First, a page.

Of Kasbahs and Camels...
Trip Start Feb 26, 2006
48Trip End Nov 28, 2006
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Our 4-day excursion took us through the High Atlas Mountains. Driving through the mountains was definitely an adventure, with an endless series of twists and turns up and down the side of the mountains. As we looked across the countryside, we saw lush green river valleys surrounded by arid desert plains and snow-capped mountains in the distance...a very pretty setting! The valleys are dotted with mysterious, almost eerie-looking Kasbahs that are thousands of years old. It's incredible that they are made from nothing more than mud and straw, but because there is so little rain, they can last for a long time with only the occasional repair. Since the High Atlas region looks very much the same as it was during medieval times, a lot of movies are filmed here - if you've seen "Gladiator" you've seen the famous 'Ait Benhaddou' Kasbah where many parts of the movie were filmed.
When we finally reached the desert region of the country that borders Algeria, it was time to hop on a camel, an experience both of us had been looking forward to. Our impression of riding a camel was that there would be 2 humps that you sit in-between, but as it turned out, the types of camels we rode only had one hump and we were sitting ON the hump! As you can imagine, it was quite uncomfortable!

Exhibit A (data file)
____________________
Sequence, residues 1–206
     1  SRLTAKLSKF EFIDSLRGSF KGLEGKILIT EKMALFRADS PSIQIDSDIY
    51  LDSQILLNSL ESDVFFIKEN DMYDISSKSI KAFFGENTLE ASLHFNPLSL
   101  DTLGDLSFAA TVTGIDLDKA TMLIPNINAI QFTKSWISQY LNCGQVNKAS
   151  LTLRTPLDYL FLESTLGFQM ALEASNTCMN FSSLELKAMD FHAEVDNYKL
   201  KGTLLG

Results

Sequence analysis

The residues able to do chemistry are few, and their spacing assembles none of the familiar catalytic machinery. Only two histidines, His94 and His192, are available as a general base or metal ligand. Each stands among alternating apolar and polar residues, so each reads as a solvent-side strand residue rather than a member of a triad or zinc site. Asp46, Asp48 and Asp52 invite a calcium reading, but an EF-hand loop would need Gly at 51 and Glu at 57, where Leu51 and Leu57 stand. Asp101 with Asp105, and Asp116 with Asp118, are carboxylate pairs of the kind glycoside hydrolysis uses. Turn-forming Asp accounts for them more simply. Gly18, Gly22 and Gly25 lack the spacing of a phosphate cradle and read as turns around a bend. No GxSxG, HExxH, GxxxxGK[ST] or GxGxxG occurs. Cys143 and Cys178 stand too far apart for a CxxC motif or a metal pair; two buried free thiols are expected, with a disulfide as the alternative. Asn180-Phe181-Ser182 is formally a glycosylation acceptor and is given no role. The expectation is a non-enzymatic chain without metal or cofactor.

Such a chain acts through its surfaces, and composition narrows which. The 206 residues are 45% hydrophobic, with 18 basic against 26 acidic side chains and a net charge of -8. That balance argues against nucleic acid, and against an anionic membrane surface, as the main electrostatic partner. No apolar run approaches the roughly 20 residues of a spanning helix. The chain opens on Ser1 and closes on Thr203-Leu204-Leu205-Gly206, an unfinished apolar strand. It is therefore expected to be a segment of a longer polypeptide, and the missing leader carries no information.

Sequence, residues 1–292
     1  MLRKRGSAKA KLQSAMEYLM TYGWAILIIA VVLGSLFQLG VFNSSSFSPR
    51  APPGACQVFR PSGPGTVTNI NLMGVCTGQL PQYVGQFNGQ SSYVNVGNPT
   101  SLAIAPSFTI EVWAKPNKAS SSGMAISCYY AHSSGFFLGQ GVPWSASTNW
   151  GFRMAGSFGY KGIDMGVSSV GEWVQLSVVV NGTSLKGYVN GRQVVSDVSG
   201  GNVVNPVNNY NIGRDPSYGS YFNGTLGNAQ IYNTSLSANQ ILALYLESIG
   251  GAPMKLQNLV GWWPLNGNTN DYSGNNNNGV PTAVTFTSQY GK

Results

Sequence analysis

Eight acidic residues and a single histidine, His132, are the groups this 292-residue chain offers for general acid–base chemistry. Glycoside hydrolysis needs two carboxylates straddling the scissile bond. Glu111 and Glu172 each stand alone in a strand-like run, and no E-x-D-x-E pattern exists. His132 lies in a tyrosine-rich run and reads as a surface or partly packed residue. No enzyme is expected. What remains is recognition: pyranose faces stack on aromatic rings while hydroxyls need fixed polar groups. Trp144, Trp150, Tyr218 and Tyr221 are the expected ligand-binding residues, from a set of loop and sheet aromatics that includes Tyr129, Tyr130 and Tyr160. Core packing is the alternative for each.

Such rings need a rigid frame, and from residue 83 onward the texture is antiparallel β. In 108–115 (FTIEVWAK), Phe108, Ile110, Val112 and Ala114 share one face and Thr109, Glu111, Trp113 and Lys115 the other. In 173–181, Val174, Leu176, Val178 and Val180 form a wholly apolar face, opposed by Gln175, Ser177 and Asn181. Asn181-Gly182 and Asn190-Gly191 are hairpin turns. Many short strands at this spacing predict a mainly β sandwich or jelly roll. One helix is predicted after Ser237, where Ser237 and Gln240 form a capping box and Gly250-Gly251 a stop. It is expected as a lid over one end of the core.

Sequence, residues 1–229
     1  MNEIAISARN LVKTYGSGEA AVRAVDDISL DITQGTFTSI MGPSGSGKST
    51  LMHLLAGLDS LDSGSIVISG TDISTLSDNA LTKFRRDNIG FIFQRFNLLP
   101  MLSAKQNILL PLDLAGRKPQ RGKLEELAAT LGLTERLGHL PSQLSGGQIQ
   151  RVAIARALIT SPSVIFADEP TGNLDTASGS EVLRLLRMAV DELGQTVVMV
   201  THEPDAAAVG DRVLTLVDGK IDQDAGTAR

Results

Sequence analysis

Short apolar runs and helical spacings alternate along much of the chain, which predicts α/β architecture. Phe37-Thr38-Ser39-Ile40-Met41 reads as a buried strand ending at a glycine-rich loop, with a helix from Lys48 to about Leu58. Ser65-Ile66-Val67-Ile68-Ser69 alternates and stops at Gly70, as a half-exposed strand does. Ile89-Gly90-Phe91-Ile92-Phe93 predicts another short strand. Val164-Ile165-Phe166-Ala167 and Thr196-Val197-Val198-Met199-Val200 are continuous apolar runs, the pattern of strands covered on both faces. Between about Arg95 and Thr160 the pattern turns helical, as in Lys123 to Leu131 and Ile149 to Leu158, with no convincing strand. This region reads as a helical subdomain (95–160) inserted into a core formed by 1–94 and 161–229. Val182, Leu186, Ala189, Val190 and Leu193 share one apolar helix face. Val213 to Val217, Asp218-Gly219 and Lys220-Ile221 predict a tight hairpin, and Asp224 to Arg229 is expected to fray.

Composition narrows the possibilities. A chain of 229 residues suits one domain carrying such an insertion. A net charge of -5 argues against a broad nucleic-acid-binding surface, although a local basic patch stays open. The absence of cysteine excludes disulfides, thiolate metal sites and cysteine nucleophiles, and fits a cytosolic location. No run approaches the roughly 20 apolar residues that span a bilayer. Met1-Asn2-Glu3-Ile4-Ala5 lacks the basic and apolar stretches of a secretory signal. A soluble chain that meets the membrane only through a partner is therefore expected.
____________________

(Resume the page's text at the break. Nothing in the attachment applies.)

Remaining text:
When we got to our camp, we set off to explore the desert on foot. After all the practice we had climbing dunes in Namibia, we decided to put our experience to work and give the Moroccan dunes a try. We were rewarded with a view of endless sand and a very beautiful sunset. The following morning we made the trek again (at 5 am!) to catch the sunrise.
Our time spent in the desert was hosted by Morocco's desert nomads - the Berbers. They are the indigenous people of northern Africa whose traditional way of life was as nomadic herders. Who would have thought there would be sheep herders in the desert? Anyways, because there has been very little rain in the past several decades, most Berbers have given up the nomadic life, and the few remaining nomads spend most of their time these days herding tourists rather than livestock. We ate and slept in Berber tents, and our hosts were great - after we were well fed, they entertained us with some music, and Ed even got a lesson on how to play the drums.
After 2 nights in the desert, we were all looking forward to a hot shower! We drove through the 'Valley of 1000 kasbahs' before arriving at our hotel in the Dades Gorge. After a few little luxuries like tv and coffee (mint tea is the drink of choice here), we were refreshed and ready to return to the city. Our driver seemed to be eager to return too - our descent through the mountains turned into a white-knuckled experience, sliding back and forth in the van as it shot around blind corners and overtook cars, trucks, buses, and the occasional donkey! Despite almost being run off the road by an oncoming tractor-trailer, we thankfully made it back to Marrakech in one piece. Now where are those snake charmers???